The phrase “to get one’s dander up” means: To get angry; to become riled or ruffled.
Dad gets his dander up when neighbor Simpson implies that his new Chevvy runs better than dad’s new Ford, but he also gets his dander up, good and plenty, when son Pete smashes a fender of that same Ford backing into a tree.
Dander still means “anger” in the dialectal speech of several English counties, but the full phrase appears to be entirely American.
In the dialectal use we find it in Seba Smith’s The Life and Writings of Major Jack Downing, of Downingville (1830-33), a book dedicated to General Andrew Jackson.
In “Letter LXV,” dated July 20, 1833, the Major tells about a quarrel between him and Mr. Van Buren at Concord, in which Van Buren belittles the major’s qualifications for the presidency. “At this,” says the Major, “my dander began to rise.”
Through the popularity of these humorous yarns and letters, Smith began to have several imitators.
The most pretentious was Charles A. Davis, who, in 1834, brought out Letters of J. Downing, Major, Downingville Militia, Second Brigade.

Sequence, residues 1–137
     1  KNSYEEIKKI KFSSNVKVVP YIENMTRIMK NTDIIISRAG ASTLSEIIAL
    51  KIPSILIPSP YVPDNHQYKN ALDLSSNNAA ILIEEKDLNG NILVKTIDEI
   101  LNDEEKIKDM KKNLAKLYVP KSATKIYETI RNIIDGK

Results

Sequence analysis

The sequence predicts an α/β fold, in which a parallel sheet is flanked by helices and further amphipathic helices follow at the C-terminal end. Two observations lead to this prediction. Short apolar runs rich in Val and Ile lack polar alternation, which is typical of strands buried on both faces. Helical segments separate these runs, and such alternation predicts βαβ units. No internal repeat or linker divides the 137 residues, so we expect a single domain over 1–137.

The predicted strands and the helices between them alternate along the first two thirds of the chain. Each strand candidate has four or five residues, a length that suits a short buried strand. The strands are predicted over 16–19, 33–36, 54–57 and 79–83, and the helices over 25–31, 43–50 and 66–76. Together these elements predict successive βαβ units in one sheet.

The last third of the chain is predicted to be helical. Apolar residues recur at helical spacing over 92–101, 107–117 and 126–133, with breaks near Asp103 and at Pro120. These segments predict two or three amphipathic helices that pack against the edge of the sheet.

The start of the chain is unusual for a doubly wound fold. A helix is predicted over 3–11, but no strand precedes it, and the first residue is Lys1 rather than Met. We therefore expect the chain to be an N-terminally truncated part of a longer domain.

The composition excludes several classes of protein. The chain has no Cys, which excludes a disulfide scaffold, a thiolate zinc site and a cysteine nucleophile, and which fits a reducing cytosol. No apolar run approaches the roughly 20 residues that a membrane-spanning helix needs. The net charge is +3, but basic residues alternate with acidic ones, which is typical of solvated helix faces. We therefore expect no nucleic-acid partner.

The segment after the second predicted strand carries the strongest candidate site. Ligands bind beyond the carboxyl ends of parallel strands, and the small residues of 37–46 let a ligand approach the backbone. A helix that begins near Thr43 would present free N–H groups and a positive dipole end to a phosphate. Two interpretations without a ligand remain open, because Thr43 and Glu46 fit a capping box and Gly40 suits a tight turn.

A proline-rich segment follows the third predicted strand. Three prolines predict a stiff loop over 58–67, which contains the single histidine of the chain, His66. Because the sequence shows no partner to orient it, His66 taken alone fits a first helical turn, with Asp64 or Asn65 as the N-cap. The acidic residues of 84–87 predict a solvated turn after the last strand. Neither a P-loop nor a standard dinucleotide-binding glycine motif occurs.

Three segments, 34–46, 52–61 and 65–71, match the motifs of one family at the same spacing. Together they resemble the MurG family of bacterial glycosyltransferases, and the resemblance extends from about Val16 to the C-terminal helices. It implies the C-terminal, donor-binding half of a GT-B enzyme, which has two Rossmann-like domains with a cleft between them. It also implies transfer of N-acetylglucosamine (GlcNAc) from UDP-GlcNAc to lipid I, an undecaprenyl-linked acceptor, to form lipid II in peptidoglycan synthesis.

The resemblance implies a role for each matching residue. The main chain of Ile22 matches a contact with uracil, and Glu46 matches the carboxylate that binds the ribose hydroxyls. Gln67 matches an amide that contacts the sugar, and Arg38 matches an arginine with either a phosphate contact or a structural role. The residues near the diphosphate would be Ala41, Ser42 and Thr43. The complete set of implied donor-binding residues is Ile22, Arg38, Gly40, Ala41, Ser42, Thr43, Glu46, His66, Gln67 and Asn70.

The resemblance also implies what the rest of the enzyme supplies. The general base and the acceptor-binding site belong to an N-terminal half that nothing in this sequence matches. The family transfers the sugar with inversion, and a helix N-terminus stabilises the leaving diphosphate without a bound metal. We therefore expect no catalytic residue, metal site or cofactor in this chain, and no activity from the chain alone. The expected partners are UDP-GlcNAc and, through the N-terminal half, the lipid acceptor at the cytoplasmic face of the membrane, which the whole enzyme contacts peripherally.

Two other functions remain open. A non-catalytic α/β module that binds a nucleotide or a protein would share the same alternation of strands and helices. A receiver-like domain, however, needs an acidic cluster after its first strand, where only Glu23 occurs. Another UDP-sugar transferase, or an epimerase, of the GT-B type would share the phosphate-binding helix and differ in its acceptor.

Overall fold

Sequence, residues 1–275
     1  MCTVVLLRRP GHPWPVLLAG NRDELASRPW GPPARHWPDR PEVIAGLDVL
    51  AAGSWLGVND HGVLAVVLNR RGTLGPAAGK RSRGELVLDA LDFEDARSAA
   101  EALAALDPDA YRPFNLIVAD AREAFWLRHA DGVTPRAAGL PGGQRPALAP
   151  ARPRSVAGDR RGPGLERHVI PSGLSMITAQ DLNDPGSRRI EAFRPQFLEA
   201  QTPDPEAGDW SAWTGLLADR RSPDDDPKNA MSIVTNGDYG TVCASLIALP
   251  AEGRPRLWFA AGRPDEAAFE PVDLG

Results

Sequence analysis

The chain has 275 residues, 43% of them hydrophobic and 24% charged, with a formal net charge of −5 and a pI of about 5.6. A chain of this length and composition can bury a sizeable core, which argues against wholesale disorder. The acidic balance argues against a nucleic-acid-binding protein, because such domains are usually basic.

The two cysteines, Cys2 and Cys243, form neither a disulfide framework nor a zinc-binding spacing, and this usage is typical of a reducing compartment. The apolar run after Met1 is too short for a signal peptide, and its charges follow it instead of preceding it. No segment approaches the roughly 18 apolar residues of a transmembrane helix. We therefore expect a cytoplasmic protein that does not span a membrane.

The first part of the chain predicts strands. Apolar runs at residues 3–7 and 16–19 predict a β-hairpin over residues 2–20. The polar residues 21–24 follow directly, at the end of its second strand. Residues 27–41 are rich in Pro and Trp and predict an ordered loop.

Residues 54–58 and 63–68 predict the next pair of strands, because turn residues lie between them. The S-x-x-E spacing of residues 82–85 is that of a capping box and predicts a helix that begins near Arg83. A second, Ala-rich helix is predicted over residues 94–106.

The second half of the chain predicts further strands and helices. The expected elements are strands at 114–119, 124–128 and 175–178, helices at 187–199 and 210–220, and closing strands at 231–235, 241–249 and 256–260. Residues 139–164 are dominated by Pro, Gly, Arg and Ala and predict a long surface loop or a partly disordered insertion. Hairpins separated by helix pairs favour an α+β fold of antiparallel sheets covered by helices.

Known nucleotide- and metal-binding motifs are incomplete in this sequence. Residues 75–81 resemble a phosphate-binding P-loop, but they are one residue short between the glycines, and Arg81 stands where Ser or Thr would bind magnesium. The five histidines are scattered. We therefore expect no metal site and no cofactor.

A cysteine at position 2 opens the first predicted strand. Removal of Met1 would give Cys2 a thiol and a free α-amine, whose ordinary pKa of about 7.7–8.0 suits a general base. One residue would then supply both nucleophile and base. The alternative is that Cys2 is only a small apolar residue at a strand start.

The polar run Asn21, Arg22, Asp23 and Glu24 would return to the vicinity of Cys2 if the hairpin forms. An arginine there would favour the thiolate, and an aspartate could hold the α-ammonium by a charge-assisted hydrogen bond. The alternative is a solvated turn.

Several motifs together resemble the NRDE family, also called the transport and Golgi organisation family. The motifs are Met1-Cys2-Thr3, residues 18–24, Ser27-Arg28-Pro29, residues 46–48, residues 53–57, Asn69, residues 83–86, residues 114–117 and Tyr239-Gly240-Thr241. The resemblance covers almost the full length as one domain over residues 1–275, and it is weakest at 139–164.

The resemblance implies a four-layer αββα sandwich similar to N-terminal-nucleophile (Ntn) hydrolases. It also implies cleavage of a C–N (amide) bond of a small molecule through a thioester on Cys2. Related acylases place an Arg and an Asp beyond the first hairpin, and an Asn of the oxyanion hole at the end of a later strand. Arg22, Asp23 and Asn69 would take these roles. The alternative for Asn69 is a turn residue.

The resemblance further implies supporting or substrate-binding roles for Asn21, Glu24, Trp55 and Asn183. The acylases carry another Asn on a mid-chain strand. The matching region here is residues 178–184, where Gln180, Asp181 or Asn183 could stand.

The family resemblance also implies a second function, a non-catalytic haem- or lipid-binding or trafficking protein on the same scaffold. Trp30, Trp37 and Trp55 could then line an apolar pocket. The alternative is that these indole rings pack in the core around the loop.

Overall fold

In the third “letter,” after describing a dance, in which “Gineral” Jackson participated, the fictitious Downing goes on to say that several of the men, including Van Buren, then tried on Jackson’s coat, after he had retired:
“Then cum my turn; but I see how the cat jump’d, ‘so,’ says I, ‘I’ll jest step out and rig in another room:’ and I went strait to the Gineral, and woke him up, and tell’d him all about it, he was wrathy as thunder, and when he gets his dander up, it’s no joke, I tell you.”
Hence, to Davis, rather than to Smith, goes the credit, for what it may amount to, for being the first to record this expression.
Probably, however, it was a popular phrase of the period, as shortly thereafter it appeared in the works of other writers, among them, Colonel David Crockett in his Life (1835) and upon the lips of “Sam Slick” in Thomas Haliburton’s The Clockmaker (1837-40).